Gothic to Renaissance
The Renaissance was preceded by International Gothic, a style of art and architecture that continued into the first decades of the 1400s. In Gothic art figures appear static, lacking depth, volume and pictorial realism. Artists favoured backgrounds of gold-leaf that embellished the image and accentuated its flatness. Figures become more three-dimensional, their movement fluid and natural. Detailed landscapes or Classical architectural settings demonstrate new theories of perspective.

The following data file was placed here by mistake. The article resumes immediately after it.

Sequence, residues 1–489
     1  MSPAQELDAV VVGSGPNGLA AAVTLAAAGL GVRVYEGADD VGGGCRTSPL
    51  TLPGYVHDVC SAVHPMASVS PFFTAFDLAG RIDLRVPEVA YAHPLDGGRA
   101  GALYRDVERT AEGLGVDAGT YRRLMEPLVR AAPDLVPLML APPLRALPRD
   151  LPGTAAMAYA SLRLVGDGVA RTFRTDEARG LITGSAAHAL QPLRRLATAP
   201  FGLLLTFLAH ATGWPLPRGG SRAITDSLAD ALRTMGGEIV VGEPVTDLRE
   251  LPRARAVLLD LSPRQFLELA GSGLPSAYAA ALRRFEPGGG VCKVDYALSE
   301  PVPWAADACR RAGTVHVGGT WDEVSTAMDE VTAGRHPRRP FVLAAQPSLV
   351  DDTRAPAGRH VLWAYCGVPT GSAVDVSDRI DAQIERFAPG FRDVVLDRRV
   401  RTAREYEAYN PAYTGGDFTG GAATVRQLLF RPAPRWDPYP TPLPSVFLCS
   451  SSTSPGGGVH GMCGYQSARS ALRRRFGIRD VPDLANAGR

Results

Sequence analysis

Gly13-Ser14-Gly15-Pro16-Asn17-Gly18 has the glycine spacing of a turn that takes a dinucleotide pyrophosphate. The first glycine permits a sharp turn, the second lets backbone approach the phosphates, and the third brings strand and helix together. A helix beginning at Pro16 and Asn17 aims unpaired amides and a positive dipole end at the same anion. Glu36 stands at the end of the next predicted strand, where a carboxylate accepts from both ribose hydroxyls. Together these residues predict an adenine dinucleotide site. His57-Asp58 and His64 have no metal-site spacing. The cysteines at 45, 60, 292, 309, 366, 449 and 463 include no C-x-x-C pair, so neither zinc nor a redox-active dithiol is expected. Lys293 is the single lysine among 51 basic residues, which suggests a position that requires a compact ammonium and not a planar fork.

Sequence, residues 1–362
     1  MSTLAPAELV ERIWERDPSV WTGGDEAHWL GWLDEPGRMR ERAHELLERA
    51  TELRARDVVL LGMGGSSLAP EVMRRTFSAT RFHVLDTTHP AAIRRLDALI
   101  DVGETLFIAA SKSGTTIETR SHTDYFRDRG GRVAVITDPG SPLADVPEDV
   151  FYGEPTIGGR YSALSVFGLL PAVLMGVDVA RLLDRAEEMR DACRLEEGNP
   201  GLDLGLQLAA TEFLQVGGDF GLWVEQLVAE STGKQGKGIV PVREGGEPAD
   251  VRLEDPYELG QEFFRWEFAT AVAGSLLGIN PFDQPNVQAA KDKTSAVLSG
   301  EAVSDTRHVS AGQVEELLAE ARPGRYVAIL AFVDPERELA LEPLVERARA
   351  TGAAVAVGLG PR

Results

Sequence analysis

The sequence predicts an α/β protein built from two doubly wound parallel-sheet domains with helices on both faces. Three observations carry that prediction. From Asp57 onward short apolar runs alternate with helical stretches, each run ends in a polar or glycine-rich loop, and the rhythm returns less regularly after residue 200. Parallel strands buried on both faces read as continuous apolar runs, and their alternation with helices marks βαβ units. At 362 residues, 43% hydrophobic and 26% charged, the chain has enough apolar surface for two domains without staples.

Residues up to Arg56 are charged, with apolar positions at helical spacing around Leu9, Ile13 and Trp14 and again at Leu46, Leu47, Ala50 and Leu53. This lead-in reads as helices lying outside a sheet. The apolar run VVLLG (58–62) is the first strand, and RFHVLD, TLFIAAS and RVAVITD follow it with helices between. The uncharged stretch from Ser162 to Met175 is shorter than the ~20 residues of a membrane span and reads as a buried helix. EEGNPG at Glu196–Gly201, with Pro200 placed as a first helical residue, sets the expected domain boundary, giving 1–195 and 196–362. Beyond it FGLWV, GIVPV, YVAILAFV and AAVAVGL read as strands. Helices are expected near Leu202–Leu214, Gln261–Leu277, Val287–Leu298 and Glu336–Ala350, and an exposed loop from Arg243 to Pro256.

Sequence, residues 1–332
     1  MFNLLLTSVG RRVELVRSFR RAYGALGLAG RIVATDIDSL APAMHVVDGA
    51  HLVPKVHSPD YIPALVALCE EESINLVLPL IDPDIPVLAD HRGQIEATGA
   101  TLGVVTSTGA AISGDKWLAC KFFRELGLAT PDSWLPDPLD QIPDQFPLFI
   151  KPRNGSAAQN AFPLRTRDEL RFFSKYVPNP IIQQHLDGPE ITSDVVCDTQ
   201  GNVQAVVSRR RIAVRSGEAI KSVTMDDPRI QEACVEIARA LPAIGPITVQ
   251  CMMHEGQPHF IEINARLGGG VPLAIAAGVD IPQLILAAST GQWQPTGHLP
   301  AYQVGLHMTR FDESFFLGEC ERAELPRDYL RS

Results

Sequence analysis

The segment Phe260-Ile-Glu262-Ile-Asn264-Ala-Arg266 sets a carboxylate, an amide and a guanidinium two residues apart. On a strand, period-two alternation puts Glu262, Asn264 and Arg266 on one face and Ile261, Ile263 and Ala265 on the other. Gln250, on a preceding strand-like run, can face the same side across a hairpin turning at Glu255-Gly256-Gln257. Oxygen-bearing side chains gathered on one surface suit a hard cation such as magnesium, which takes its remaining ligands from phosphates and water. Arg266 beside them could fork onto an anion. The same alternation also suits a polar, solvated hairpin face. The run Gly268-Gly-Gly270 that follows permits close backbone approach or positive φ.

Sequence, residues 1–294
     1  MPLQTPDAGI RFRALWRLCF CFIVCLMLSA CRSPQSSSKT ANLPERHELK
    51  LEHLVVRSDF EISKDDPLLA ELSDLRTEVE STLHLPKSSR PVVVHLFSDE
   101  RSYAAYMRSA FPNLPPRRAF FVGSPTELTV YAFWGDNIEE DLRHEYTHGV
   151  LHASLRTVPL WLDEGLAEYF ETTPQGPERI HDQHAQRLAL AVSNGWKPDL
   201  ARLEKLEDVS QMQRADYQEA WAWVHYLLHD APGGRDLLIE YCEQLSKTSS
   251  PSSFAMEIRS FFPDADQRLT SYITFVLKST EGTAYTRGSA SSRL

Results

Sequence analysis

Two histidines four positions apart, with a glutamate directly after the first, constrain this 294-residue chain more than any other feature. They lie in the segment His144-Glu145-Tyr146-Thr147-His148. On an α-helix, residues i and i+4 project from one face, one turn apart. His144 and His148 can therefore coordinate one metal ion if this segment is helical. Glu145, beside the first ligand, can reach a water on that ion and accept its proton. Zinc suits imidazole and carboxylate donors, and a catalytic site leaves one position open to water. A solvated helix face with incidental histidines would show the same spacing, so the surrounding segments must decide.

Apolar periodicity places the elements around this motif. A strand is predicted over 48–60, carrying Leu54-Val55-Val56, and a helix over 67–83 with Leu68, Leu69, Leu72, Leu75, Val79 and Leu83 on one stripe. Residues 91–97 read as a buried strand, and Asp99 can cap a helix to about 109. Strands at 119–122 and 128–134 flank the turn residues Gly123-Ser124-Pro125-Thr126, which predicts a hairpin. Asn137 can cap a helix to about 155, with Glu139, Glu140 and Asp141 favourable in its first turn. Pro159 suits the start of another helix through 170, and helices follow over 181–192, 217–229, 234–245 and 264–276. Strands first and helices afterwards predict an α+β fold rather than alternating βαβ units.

Sacred imagery—Jesus, Mary and saints—was no longer the only subject for art. Spurred on by humanist concepts derived through the revival of Greco-Roman texts, Renaissance artists made humans central to their paintings. However, the shift from Gothic to Renaissance ideas was slow and, as a result, many paintings from the first half of the fifteenth century remain rooted in the older tradition.